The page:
The Department of Justice published an open letter Thursday evening, asking Facebook to alter its plan to fully encrypt Facebook's messaging services — Messenger, WhatsApp and Instagram — a move the company announced in March.
Attorney General William Barr and acting Homeland Security Secretary Kevin McAleenan, along with two top law enforcement officials from Australia and the United Kingdom are urging the tech giant to ensure that law enforcement agents have a means to access conversations when authorized by a judge.
A draft of the letter was first published by BuzzFeed News on Thursday.
In short, the officials are again asking for a digital equivalent of a wiretap, or what Department of Justice officials often refer to as "lawful access."
"Companies should not deliberately design their systems to preclude any form of access to content, even for preventing or investigating the most serious crimes," the letter argues. "This puts our citizens and societies at risk by severely eroding a company's ability to detect and respond to illegal content and activity, such as child sexual exploitation and abuse, terrorism, and foreign adversaries' attempts to undermine democratic values and institutions, preventing the prosecution of offenders and safeguarding of victims. It also impedes law enforcement's ability to investigate these and other serious crimes."
On Friday, Barr and other top officials are expected to speak at the Lawful Access Summit about warrant-proof encryption and its impact on child exploitation cases at the Department of Justice in Washington, DC.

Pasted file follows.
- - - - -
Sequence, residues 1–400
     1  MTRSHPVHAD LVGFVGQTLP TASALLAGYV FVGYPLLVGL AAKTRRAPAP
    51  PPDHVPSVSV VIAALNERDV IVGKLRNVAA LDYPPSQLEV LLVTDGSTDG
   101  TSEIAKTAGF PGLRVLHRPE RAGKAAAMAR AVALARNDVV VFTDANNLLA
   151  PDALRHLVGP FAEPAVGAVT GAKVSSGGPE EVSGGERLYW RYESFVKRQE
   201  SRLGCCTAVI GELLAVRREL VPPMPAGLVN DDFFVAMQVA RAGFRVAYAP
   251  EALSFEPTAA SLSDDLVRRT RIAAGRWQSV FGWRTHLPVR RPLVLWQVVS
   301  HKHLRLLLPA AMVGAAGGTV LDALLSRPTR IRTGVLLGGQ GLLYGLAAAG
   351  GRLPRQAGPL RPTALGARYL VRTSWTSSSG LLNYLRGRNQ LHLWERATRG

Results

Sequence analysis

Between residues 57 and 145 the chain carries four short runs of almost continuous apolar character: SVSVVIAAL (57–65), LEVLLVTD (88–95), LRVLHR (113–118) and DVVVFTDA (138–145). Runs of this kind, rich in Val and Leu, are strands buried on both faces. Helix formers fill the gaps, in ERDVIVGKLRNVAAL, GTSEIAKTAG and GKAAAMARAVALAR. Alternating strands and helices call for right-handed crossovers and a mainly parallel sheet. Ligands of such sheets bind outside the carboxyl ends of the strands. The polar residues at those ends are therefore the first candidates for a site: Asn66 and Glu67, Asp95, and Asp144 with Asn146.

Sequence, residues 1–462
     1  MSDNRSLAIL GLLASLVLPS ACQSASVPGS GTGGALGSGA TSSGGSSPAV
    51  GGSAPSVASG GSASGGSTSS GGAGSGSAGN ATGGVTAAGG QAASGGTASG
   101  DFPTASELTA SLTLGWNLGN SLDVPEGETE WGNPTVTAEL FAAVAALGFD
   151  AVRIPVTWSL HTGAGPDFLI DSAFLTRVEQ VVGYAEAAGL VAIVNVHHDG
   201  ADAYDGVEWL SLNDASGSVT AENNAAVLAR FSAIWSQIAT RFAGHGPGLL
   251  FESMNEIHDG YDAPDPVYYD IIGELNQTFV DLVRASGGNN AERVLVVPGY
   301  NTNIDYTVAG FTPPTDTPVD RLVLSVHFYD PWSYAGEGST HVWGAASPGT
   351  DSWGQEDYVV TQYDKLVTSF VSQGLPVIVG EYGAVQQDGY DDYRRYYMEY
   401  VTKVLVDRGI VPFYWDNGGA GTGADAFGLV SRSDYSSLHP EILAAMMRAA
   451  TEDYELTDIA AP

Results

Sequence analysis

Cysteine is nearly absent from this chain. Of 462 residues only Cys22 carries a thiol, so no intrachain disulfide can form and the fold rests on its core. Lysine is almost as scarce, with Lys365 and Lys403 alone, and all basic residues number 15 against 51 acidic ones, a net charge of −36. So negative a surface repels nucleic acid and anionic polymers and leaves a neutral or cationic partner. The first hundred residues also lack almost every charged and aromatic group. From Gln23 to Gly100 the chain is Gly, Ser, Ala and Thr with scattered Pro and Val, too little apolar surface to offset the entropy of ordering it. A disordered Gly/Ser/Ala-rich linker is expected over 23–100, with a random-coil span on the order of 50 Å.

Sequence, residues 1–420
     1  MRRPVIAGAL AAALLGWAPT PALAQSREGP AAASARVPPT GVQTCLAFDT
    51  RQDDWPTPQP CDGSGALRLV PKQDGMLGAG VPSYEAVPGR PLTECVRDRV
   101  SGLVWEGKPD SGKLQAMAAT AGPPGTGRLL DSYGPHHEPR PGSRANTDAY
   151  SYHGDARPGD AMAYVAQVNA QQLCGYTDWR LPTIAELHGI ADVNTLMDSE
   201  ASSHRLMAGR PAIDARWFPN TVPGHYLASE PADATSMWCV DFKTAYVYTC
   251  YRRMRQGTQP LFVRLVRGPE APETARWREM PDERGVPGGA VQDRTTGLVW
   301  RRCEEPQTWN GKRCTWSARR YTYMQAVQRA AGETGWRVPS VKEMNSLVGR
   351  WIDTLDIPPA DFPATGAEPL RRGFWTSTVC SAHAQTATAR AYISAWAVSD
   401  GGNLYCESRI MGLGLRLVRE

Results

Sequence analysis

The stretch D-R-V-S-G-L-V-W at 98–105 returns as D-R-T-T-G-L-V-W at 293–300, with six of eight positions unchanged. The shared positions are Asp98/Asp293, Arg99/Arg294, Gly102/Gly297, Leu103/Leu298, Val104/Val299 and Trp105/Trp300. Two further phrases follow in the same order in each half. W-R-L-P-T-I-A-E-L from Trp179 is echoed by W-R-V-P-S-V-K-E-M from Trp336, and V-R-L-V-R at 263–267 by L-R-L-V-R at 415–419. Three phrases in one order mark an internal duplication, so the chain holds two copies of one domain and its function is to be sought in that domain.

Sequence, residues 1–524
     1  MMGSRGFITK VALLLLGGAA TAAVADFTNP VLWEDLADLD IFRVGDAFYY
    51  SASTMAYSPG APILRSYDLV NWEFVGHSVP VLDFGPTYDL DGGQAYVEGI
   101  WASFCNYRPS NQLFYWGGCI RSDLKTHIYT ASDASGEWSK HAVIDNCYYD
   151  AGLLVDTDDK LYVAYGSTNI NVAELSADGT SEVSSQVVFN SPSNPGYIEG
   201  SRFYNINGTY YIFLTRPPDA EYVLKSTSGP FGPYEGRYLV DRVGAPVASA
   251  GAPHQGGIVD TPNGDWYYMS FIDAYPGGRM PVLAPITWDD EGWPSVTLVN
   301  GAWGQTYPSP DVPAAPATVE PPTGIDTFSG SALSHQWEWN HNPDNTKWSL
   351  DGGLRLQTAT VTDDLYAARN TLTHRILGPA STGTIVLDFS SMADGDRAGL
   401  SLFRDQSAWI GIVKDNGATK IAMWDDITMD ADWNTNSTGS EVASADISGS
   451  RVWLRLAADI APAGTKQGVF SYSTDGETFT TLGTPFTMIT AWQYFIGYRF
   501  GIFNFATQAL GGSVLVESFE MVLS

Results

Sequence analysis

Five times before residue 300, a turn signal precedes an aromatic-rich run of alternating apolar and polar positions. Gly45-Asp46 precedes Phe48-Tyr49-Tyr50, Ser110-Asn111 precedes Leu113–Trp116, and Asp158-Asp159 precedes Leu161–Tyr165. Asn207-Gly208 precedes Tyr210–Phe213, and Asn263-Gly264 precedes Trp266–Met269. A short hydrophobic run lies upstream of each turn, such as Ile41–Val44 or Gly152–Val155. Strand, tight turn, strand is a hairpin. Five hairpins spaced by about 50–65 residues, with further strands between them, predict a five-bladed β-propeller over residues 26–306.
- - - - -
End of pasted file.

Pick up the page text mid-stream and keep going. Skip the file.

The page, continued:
Facebook acknowledges the needs of law enforcement but wants to protect its users from unwanted snooping.
"End-to-end encryption already protects the messages of over a billion people every day," Andy Stone, a Facebook spokesman, said in a statement. "We strongly oppose government attempts to build back doors because they would undermine the privacy and security of people everywhere."
In July, Barr warned of the dangers of "warrant-proof" encryption, echoing a position that has been held by many top American government officials across multiple administrations going back to the Clinton Administration, which warned that encryption "can be used by terrorists, drug dealers and other criminals."
In recent years, Department of Justice officials have not fully explained how they would achieve the end goal that they seek through federal law or executive authority, and there has been no substantive movement in Congress.
Thursday's letter has been met with resistance by Silicon Valley, including from the Computer & Communications Industry Association, an advocacy group of tech firms, including Facebook.
"Strong encryption is increasingly vital to the privacy and security of individuals, national security and economic prosperity," Ed Black, CCIA's president, said in a statement. "Companies should be encouraged to develop and employ the security standards that the public expects for their devices and online activity. "
Meanwhile, in recent weeks, a host of technical and legal experts convened by the Carnegie Endowment for International Peace concluded that there should eventually be some middle ground on the issue and encouraged advocates to continue to find a meaningful solution to the vexing problem.
"Cybersecurity advocates should not dismiss out of hand the possibility of some level of increased security risk, just as law enforcement advocates should accept that they may not be able to access all of the data they seek," they wrote.